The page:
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Bradley Hilltopics

Fall 2007 • Volume 13, Issue 4

A Mother's journey I A chance meeting I The journey begins I Frame and click

February 06

Derek was tearful as Cyndie tried to reason with him at the UC Davis Cancer Center on February 14, 2006.
She and Dr. William Hall explained that Derek should have a series of radiation treatments to shrink the
tumors spreading throughout his body and alleviate his pain.
Derek fired back: “I don’t care! ... Take me home ... I’m done, Mom! Are you listening to me? I’m done!
Photo © Renee C. Byer/Sacramento Bee/ZUMA

The Journey Begins

Two weeks later, Byer and Hubert visited with French and her son Derek Madsen. When they began the interview process, Derek had been through six months of chemo and radiation and was on the rebound; however, the emotional and financial impact of the disease was
affecting the family. “I had no idea what kind of cancer neuroblastoma was at the time, that it starts in the nerve cells,” said Byer. “We had
no clue what the ending was going to be when we started the story. In fact, it could just as well have been a happy ending as a sad ending, as far as we knew. It wasn’t until months later that we knew Derek may not make it.”

May 06

Cyndie was beside Derek almost around the clock
as he lost his valiant battle against neuroblastoma. This May 8, 2006, photo was selected for the traveling Pulitzer exhibit and ran in the New
York Times
as part of the Pulitzer photo series,
“A Mother’s Journey.” The series has been honored with an additional 15 awards, including the Casey Medal for Meritorious Journalism.
Photo © Renee C. Byer/Sacramento Bee/ZUMA

Byer said Hubert had previously researched a story on hospice for children, but the hospitals tried to give her the perfect patient, usually under the age of four, who smiles, doesn’t say anything, and doesn’t understand what’s going on. On the other hand, Derek was upset about his cancer diagnosis. He was an intelligent patient who didn’t just question his mom. He questioned the doctors and nurses, as well. He was prone to meltdowns and did not like going to the hospital, like any pre-adolescent boy. “We showed our readers a real child, and many wrote in and thanked us for that,” said Byer.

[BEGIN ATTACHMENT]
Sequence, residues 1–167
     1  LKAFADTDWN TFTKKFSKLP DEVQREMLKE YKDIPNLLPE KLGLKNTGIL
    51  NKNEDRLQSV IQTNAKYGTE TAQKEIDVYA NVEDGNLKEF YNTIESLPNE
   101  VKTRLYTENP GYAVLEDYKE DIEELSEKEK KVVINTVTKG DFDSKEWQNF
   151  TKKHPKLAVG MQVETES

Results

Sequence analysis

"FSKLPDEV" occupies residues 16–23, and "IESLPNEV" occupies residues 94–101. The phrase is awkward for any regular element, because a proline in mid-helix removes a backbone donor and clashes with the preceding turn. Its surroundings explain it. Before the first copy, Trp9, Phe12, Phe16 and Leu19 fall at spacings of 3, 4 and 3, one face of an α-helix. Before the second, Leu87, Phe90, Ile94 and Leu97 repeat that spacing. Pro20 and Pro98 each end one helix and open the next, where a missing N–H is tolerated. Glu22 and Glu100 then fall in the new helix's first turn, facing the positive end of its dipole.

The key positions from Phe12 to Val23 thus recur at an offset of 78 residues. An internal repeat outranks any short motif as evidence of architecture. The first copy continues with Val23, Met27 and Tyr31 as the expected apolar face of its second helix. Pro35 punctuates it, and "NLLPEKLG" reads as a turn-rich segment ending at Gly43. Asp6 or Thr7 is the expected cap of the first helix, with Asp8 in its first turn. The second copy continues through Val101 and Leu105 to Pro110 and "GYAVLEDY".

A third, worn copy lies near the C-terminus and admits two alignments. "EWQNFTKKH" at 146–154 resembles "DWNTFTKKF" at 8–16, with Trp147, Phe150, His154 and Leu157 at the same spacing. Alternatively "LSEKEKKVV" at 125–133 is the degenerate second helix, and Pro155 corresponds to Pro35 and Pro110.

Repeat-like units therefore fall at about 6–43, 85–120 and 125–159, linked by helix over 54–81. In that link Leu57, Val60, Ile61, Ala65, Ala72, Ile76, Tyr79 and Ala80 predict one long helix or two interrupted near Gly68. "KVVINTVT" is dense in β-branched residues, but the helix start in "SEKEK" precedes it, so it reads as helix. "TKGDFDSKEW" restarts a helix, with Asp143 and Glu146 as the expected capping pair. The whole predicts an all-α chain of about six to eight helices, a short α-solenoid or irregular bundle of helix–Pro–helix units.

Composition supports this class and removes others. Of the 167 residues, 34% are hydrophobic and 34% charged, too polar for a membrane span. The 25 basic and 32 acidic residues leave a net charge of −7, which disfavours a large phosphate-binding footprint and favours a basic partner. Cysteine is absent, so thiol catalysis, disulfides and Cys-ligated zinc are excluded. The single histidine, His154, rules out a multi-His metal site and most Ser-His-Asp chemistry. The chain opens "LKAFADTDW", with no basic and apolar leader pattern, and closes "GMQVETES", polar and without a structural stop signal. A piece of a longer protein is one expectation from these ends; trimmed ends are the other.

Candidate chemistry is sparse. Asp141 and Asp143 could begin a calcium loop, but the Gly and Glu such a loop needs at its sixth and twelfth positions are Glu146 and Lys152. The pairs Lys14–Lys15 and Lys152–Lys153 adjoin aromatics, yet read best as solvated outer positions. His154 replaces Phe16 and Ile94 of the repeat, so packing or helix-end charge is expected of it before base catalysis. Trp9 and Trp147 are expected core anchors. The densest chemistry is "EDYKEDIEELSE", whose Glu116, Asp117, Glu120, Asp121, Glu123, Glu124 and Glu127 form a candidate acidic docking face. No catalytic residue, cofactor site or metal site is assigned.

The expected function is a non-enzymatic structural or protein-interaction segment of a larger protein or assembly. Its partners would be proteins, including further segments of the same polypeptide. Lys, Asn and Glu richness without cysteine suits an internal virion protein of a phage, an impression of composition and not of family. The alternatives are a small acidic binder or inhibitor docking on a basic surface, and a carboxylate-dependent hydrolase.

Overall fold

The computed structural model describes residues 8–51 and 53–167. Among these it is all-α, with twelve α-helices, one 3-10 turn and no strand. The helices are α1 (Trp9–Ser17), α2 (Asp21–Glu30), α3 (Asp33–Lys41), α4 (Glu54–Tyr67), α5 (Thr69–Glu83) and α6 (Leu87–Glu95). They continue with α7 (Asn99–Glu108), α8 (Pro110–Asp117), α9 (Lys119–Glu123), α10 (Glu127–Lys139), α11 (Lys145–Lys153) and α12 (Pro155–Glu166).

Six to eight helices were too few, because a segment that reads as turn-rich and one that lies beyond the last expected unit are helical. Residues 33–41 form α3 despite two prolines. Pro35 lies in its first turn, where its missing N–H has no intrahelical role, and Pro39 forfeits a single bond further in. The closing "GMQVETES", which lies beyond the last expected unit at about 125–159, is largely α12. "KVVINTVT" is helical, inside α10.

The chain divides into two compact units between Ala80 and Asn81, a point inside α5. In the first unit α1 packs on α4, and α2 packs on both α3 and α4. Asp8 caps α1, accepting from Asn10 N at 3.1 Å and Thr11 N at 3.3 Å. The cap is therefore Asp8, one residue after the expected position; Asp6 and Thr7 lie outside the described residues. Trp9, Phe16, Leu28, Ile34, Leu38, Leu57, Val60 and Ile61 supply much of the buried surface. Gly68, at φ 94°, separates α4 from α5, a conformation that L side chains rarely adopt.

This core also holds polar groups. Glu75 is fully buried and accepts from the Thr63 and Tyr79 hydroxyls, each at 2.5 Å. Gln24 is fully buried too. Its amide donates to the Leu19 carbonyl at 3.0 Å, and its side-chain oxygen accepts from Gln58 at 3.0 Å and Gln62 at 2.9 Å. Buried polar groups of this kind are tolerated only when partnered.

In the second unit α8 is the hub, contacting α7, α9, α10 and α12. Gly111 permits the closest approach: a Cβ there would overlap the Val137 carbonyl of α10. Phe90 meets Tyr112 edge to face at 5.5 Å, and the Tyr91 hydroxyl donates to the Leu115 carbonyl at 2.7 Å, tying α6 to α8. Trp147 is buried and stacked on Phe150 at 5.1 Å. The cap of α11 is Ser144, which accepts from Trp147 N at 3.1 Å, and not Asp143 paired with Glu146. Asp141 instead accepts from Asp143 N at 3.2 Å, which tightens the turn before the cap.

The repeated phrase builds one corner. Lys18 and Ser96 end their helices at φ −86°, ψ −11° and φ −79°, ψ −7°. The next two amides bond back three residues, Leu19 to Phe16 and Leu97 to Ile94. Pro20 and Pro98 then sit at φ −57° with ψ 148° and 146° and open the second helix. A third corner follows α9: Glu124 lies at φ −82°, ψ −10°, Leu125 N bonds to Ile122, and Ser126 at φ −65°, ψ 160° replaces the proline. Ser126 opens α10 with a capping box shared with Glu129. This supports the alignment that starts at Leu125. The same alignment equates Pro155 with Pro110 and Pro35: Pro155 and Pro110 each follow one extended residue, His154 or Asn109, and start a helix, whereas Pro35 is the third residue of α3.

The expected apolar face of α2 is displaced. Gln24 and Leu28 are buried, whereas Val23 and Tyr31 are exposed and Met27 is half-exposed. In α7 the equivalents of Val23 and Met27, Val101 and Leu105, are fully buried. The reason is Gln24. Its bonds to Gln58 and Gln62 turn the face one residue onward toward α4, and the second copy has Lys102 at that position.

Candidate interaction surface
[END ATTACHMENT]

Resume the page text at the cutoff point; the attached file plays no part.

Walking the fine line between objectivity and emotional involvement in such a personal story was a challenge for Byer. She knew she could not become French’s best friend because she understood the importance of keeping a journalistic boundary between them. “Even though I was there for a lot of intimate moments of her life when very important decisions were being made, I didn’t want to interrupt that pattern,” said Byer. “I had to step back, be a fly on the wall, and let the scenes unfold. Human nature is to try to help. But it was more important that I step out of the picture instead of into it.” Derek lost his battle with cancer in May 2006. But throughout his courageous fight, Byer said he knew that she understood his plight and felt a level of compassion for what was happening. “He was a little boy who knew, as he said in his own words, that ‘I got it.’ He would
say to his mom, ‘Renée really gets it, doesn’t she?’”

Bringing an awareness of cancer’s devastating toll on a family’s emotional and financial well being made winning the Pulitzer more meaningful to Byer. As a result of the Sacramento Bee running the series July 9-12, 2006, Derek’s family received more than $40,000 to help with medical bills, rent, and other necessities. Today, French oversees a nonprofit corporation, Derek’s Wish, which financially assists needy families with sick children.

“Every journalist would love to win a Pulitzer, but to win it for a project that is making a difference in many lives is most important to me,” said Byer. “I’m personally grateful to Cyndie and Derek for opening their lives and hearts to let us tell their story in an effort to help others in similar heart-wrenching situations.”

A Mother's journey I A chance meeting I The journey begins I Frame and click